Another decent but slightly ho-hum Doc Savage novel, which is unusual as the early books are generally pretty reliable when it comes to being fun, thrill-a-minute page-turners. The Doc Savage pulp magazine was published monthly, which meant main author Lester Dent and the occasional substitute (all writing under the house name "Kenneth Robeson"), had to churn out a dozen exciting, exotic adventure stories a year. Considering this punishing schedule, the sheer amount of good, fun reads produced is pretty impressive. But it also meant that the odd duff story cropped up here and there. Measured by the standards of the series as whole, Brand of the Werewolf rates as merely routine. Not bad, surely, but lacking the spectacle and imaginative menace that characterizes most of the early novels.
The Bantam reprint cover is terrific, but unfortunately promises more than the story delivers. Yes, Virginia, there is no werewolf. Not a real one as promised by the cover illustration, at any rate. I say this not to spoil things for potential readers, but to save them from the crushing disappointment felt by many a young reader back in the 70s who eagerly forked over their hard-earned cash once they got an eyeful of the cover and ended up bitter over false advertising.
The plot this time out:
Seeking to avenge his brother’s murder, Doc Savage and his daring crew become involved in a desperate hunt for the lost treasure of the pirate, Henry Morgan. Stalking them every inch of the way is the archfiend, El Rabanos, and his strange ally, the werewolf’s paw!
This story (published in January, 1934) starts out pretty well, with Doc and his five aides on a train en route to Canada for a much-needed vacation (perhaps the only time they do so in the entire 181 book series). The villains aren't particularly interesting this time out (there's no mysterious deadly gadget being deployed here, for one thing) and the novel is short of action by normal series' standards.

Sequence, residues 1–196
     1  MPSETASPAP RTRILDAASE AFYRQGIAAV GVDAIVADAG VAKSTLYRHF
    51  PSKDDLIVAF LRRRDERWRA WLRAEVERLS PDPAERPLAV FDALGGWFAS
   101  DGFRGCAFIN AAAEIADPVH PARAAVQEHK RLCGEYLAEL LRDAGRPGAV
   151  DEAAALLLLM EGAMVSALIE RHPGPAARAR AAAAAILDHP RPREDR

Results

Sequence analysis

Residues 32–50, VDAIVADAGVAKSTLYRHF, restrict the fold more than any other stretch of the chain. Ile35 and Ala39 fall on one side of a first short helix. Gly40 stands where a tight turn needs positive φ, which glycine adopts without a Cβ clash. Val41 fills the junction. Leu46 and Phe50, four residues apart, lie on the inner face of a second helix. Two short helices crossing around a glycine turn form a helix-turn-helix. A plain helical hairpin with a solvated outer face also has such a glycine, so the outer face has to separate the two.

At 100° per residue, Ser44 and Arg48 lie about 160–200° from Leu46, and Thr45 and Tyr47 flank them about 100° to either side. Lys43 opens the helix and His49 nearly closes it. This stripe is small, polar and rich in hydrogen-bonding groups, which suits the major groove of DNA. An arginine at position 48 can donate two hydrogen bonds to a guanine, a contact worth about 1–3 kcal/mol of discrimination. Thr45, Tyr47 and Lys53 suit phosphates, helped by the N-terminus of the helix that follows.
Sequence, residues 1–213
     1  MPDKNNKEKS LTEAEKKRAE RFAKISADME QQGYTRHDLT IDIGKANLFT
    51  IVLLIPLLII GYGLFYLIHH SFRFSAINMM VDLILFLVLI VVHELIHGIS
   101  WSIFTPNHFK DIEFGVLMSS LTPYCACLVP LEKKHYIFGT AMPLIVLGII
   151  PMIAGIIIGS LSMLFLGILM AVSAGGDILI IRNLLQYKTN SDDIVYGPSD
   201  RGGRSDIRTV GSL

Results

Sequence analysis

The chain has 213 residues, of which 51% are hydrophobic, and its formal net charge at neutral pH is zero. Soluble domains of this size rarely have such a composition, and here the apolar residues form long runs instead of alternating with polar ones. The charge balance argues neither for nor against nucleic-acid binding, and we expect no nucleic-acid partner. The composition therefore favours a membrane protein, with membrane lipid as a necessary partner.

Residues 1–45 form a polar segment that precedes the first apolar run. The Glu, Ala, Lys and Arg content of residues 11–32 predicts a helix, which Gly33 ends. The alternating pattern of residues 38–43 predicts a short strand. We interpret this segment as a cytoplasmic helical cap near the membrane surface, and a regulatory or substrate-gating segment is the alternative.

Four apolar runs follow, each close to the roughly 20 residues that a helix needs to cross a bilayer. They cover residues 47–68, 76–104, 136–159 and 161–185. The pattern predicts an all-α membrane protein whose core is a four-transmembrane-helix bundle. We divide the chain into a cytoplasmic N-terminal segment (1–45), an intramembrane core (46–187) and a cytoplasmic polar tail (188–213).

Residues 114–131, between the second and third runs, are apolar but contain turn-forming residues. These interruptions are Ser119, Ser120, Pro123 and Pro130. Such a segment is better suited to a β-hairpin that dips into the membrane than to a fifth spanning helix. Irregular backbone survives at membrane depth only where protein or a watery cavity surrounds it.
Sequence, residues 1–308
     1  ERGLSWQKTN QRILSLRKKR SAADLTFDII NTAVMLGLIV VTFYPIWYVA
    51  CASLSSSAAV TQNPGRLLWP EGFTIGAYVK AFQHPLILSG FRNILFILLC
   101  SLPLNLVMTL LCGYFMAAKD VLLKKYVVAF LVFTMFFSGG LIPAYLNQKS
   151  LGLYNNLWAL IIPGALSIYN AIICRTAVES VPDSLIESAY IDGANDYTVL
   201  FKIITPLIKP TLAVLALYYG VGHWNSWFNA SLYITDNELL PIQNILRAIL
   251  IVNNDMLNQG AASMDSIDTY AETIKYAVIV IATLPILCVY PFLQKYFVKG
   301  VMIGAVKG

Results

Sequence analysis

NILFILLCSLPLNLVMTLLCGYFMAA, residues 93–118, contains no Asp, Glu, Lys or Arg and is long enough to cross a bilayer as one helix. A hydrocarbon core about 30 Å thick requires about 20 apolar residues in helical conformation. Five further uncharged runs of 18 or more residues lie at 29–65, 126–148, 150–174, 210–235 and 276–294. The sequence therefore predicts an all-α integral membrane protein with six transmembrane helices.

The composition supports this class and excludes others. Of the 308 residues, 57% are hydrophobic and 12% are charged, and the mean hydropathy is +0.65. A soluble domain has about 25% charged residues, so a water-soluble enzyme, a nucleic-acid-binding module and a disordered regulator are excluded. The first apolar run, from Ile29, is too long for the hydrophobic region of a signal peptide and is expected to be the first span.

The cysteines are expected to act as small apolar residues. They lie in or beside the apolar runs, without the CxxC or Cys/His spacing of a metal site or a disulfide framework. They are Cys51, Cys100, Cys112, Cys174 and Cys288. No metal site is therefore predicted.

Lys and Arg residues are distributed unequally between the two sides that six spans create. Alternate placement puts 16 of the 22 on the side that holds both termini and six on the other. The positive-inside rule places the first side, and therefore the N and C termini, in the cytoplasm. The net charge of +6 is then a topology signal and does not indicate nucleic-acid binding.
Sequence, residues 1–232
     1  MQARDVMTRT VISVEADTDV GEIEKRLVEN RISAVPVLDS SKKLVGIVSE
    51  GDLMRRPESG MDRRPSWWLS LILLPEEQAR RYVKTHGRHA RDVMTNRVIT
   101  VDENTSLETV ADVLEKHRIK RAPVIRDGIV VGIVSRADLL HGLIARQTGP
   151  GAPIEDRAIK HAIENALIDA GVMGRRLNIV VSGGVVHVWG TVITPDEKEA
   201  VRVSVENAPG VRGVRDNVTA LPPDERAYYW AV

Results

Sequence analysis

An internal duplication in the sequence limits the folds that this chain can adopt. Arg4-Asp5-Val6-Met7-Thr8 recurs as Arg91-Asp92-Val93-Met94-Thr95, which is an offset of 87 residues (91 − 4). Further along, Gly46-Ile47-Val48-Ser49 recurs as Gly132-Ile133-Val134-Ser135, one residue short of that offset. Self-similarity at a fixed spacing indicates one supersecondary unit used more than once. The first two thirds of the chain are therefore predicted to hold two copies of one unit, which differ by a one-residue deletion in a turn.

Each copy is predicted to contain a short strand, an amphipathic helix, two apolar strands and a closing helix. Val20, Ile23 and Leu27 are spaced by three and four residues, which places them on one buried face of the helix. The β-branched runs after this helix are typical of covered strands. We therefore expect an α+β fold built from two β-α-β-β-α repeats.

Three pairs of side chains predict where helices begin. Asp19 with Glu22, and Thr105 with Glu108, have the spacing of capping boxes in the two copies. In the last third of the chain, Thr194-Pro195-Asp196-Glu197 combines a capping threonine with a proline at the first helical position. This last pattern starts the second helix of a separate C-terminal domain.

The book is notable mainly for the introduction of Doc's striking and statuesque cousin Patricia Savage, who would appear another 40 or so times throughout the series. Pat is not seen at her best and bravest here, but of course she's been through a particularly rough time of it, what with her father's murder and all. When next we see her, however, she's ready and raring to go, having got a taste for the action-packed lifestyle Doc and his pals lead. From then on, she tries to elbow her way in to whatever violent, blood-curdling mystery they happen to be investigating, despite Doc's attempts to keep her out of harm's way. She's a fun, memorable character, and, as described by Dent, almost as physically striking as Doc himself.
Dent's writing is a little smoother than in some of his first stories, but his descriptive powers aren't in full evidence yet, and Brand lacks the colorful, globe-trotting high adventure and memorable action of the best Doc Savage novels. Still a fun enough read, and recommended to pulp fans.
My rating: C
Welcome to the Armchair...
Look out the window. It’s a dark, cold, rainy day. Too nasty to go outside.
Better stay inside, read a good book.
There’s a bookcase over to your left. Run your fingers over the spines. Books of all shapes, sizes and genres; hardbacks, paperbacks. Take your time browsing through the titles. No rush. Find something that feels just right.
Now turn around. Over in the corner is a beat-up, black leather armchair. The leather is faded and cracked in places, the cushions battered. This chair has seen better days. But boy, does it look inviting...
Next to the chair is a standing lamp and a small table. Plenty of room for a nice cup of tea, a plate of cookies, whatever’s your poison.
So switch on the light, settle down with your book, open to page one, put your feet up, and let the author whisk you away to another world.
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